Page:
The following is an incomplete list of full-time faculty who have served the Chemistry Department in the past. Current faculty are not yet included in this list. Those who are known to be deceased are marked with an asterisk (*). Years of service follow each person's name in brackets, where this is known.

  • John L. Bove', currently Professor Emeritus of Chemistry and Environmental Eng [1951-2011]. B.A., M.S. Bucknell Univ.; Ph.D. Case-Western Reserve University. (Served as Chair of Chemistry)
  • Horace G. Byers,* Professor of Chemistry (Served as Department Head during 1920s; joined CU sometime after WWI) (b.1872; d.1956) [2,6]
  • James Coull, Assistant Professor of Chemistry [1930s-]. B.Sc.; A.M.; Ph.D. (institutions unknown)
  • Henry Cornelius Enders* (Chemistry 19??). Associate Professor of Chemistry [early 20th c.-1920?]. (d. April 1, 1948). B.S. Cooper Union (Chemistry); M.S. Columbia University. [26]
  • Julius "Jack" Klerer*, Professor of Chemistry (b. 1928; d. 1996). B.A., M.S., Ph.D., New York University. Served as Acting Dean of the (now defunct) School of Liberal Arts and Sciences. Also worked at Bell Labs. [17,29,30]
  • Zvi C. Koren (formerly Kornblum), Professor of Chemistry [1977-1990]. B.S. Brooklyn College, Ph.D., City University of New York. Served as Chair of Chemistry.
  • Rebecca A. LaRue, Associate Professor of Chemistry. [19XX-2001]. Ph.D., Univ. of Cincinnati.
  • John C. Olsen*, Professor of Chemistry [?-1918]. Came to Cooper Union from Brooklyn Polytechnic Institute; returned there in 1918 to "take charge of the newly created department of Chemical Engineering."[36]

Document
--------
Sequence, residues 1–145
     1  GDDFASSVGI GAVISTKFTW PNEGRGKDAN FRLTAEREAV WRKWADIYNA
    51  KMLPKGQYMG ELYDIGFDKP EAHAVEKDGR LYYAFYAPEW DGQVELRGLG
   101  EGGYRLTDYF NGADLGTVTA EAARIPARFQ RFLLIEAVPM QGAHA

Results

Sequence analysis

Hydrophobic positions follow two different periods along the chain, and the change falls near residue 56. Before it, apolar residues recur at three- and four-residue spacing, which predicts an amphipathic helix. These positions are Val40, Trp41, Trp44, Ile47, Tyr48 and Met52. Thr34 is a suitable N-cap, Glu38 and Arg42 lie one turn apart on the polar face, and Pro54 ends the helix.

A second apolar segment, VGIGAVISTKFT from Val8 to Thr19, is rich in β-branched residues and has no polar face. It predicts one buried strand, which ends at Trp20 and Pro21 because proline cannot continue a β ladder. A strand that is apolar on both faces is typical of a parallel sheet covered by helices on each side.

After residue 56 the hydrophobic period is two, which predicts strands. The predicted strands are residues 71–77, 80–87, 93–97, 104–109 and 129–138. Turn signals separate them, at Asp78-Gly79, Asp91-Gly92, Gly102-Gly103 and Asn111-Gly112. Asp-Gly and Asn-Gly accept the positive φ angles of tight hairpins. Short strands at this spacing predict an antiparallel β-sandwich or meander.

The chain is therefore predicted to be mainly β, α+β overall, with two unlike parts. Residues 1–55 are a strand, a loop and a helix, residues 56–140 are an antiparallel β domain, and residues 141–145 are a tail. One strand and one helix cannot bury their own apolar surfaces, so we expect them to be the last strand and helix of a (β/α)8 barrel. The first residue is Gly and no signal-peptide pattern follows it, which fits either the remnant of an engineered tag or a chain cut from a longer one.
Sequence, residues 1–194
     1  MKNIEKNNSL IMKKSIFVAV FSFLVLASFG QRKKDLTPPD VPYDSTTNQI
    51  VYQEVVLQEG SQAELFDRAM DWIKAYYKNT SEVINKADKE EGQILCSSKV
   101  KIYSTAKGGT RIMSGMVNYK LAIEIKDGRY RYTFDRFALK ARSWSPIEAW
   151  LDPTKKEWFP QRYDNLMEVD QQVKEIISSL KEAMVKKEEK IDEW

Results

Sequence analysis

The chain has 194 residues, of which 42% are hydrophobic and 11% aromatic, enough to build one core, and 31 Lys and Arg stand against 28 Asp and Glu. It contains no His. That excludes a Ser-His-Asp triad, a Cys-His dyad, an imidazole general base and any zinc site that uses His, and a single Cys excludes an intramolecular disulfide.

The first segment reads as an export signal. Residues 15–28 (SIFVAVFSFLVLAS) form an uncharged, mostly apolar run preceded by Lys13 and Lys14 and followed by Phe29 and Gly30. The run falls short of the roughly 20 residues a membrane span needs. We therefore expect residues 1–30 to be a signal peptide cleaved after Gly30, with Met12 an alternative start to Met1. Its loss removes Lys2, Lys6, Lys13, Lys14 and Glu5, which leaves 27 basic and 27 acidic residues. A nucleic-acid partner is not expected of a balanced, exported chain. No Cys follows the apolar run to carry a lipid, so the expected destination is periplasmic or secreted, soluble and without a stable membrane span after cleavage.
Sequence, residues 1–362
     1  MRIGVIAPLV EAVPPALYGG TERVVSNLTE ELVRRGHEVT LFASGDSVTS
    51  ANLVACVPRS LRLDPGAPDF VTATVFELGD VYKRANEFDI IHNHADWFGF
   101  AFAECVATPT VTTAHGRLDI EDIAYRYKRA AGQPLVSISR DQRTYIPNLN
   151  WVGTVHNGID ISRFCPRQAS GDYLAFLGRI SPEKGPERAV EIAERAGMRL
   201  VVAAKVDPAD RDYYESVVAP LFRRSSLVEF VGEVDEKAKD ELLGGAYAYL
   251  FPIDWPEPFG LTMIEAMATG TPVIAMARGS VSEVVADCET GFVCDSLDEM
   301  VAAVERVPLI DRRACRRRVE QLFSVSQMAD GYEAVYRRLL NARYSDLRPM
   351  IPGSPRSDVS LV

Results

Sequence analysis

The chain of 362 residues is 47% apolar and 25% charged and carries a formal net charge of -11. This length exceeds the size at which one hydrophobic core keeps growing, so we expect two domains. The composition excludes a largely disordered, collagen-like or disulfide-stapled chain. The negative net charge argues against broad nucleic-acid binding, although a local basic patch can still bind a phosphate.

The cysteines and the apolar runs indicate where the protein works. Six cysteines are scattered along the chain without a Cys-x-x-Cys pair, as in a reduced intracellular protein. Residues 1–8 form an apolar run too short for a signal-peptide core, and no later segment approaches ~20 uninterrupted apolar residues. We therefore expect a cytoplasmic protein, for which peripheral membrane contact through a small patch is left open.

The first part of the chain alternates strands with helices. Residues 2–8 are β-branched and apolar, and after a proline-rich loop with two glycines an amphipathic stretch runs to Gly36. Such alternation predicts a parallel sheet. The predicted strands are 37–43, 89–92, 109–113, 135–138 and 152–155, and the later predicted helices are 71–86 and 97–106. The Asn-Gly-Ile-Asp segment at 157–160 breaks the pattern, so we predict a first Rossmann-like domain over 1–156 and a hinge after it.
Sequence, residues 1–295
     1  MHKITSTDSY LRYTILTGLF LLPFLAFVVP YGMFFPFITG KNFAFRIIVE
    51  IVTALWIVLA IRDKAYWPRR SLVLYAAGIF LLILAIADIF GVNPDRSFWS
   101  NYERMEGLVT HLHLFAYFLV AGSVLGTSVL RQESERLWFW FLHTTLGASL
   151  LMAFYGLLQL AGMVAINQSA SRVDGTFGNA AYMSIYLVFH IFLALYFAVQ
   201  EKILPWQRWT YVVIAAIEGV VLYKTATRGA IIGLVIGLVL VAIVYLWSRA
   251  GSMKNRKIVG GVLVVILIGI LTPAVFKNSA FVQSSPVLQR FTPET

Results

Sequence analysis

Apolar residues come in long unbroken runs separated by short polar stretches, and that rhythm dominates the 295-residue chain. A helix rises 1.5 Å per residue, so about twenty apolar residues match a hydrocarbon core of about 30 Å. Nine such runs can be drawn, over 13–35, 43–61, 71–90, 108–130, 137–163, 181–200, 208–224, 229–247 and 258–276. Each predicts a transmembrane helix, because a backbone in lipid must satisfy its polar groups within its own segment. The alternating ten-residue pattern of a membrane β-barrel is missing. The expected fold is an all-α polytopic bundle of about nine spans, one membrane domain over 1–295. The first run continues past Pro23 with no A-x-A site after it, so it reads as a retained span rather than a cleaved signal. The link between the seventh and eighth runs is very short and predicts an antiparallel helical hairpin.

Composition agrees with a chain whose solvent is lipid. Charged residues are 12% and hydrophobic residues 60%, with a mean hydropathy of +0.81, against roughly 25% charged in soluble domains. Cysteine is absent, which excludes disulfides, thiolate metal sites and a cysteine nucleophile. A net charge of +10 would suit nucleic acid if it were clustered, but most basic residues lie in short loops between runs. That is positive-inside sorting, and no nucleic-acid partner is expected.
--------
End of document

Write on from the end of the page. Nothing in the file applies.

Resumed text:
• Clarence S. Sherman, Professor of Chemistry [prior to 1980...?]. Sc.B., Sc.M., Ph.D. (institutions unknown).[43]
  • Robert Spice*, Professor of Chemistry [1884-1914]. Served as Chair of Chemistry (1900-1914).[32] 
  • Charles S. Stone*, A.M., Professor of Chemistry and the first Cooper Union Chemistry Laboratory Director. [13]

Chemical Engineering Faculty: A Historical List

The following is an incomplete list of full-time faculty who have served the Chemical Engineering Department in the past, or who held a title as "Professor of Chemical Engineering." Current faculty are not yet included in this list. Those who are known to be deceased are marked with an asterisk (*). Years of service follow each person's name in brackets, where this is known.

  • Zikri Ahmed,* Professor of Chemical Engineering [1988-2008]; (19XX-2008). B.Sc., Cairo Univ.; M.S.,Ph.D., New Jersey Institute of Technology. [12] 
  • Milada Alberts, Assistant Professor of Chemical Engineering [1981-?]. M.S. Institute of Chemical Technology, Prague; Ph.D., Czechoslovakian Academy of Sciences, Prague.  
  • Irving Brazinsky (Chem Eng 1958), currently Professor Emeritus of Chemical Engineering [1985 - ret. 2016]. B.Ch.E. Cooper Union (1958). M.S. Lehigh Univ., Sc.D. Massachusetts Inst. of Tech.  (Served as Chair of Chemical Engineering)
  • George T. Chang, Professor of Chemical Engineering [1968-1987]. B.Eng. National Taiwan University; Ph.D. Rice University  (1966). [28]